I have been giving a lot of thought about something and wanted to bring it down to the local level and try to put it in proper focus.

It really is a tale of two vaccines in two very different eras in American history.

Why was the polio vaccine so welcomed in the 1950s vs. the COVID-19 Vaccine in 2020?

The American people strongly rallied behind Dr. Jonas Salk. It’s no exaggeration; people honked their car horns in jubilation. Churches and Synagogues held special services of thanks and worship. Thank you, Dr. Salk posters were posted.

It was America in 1955. Dr. Jonas Salk had developed a vaccine to defeat polio. The American people fully embraced it.

Following a national trial period, vaccinations went into high speed, culminating with a mass national vaccination campaign.

Polio cases went from 35,000 in 1953 to only 161 cases in 1961.

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There was some opposition to the polio vaccine, but nothing like what we’ve witnessed over the past year.

In the 1950s, the debate was rational. They argued about whether they should use a “live” or “killed” virus in the polio vaccine. FYI, Dr. Salk’s was “killed.”

One eerily similar mantra was the perceived speed at which the vaccines had been developed.

Famed broadcaster Walter Winchell was against the vaccine, which he referred to as a “killer vaccine.”

Dr. Salk defended his vaccine, and most all of the media sided with him, and Winchell’s opposition was ultimately pushed aside.

Now, we fast forward to the present. It was Christmas 2020. A new deadly epidemic was raging. America in 2020 reacted very differently vs. America in the 1950s.

The government was trusted in the 1950s. That is not the case today. There is a significant distrust of government today.

Despite offering a chance to win $1.5 million and lesser amounts of cash in multiple states and other gifts and incentives, about 30% of the American people continue to be unwilling to take the COVID-19 vaccine.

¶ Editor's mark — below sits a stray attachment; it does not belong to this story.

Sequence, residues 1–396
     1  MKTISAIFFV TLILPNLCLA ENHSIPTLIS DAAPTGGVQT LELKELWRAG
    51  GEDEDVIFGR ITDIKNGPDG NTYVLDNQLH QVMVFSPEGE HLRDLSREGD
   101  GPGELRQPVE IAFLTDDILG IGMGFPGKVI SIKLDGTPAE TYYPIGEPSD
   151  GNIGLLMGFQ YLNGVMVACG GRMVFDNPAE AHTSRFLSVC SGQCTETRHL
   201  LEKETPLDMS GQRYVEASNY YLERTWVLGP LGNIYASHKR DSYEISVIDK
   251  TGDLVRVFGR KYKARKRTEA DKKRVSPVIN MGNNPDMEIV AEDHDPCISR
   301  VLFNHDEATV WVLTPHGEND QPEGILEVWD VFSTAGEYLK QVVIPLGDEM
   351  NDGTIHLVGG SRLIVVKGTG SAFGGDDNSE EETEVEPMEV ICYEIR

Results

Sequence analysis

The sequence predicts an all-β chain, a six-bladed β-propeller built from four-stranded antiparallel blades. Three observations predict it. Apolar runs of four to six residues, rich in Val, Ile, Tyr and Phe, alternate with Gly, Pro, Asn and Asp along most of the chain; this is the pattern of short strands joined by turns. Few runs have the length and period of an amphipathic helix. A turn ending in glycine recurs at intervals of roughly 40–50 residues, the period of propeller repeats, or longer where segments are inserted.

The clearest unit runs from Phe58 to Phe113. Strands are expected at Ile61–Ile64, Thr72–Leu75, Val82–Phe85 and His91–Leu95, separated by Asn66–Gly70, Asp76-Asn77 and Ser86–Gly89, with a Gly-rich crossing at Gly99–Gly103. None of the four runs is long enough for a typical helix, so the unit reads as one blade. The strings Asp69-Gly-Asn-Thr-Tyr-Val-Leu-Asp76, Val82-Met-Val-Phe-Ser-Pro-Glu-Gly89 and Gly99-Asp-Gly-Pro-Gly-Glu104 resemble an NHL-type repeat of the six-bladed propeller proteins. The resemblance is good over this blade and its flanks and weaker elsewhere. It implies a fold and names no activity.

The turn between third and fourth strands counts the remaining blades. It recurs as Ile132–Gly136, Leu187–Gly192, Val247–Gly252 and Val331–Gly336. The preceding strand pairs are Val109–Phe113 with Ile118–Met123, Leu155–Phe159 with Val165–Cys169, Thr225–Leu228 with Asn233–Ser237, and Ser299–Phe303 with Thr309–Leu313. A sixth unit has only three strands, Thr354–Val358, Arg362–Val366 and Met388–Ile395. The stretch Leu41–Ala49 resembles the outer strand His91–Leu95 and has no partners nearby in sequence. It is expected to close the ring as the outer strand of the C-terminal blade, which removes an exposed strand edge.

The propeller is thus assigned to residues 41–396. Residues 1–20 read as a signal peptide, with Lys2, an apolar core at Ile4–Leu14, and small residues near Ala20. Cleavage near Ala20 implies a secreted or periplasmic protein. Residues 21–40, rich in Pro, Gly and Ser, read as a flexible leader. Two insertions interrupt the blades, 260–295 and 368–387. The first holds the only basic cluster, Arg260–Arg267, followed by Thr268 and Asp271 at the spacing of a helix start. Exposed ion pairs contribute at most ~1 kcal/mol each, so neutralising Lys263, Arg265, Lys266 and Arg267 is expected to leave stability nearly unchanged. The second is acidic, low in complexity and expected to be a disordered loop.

No cash or prize incentives were required in the 1950s.

It’s actually incredible by direct comparison. Taking the polio vaccine was considered to be a patriotic and lifesaving act.

Taking the COVID-19 vaccine in the early 2020s is seen through a politically partisan lens.

Polio had even crippled an American President (Franklin D. Roosevelt). It was especially harsh with children, who were placed in iron lungs and many would become paralyzed.

COVID-19 is far more deadly than polio. Yet, the fight against polio was a unifying one versus COVID-19, which has needlessly divided Americans.

If you live in a “Red” state, COVID-19 is downplayed. If you live in a “Blue” state, it’s overplayed.

I’ve had a more than 30-year belief that everything in America is political in nature.

Witnessing what we have during the COVID-19 pandemic … it’s impossible to dispute this theory any longer.

How did we let COVID-19 and a lifesaving vaccine become political?

Had it not, we would probably have 85 percent or more of Americans fully vaccinated.

It’s not too late. But, the divisive nature that is presently taking deep root in America will make it next to impossible to convince the unwilling to take the vaccine.

This was not the case with the polio vaccine.

America has been polio-free since 1979.

This it’s because, during polio, we were the United States of America.

During the COVID-19 pandemic, we have operated as the divided states of America.

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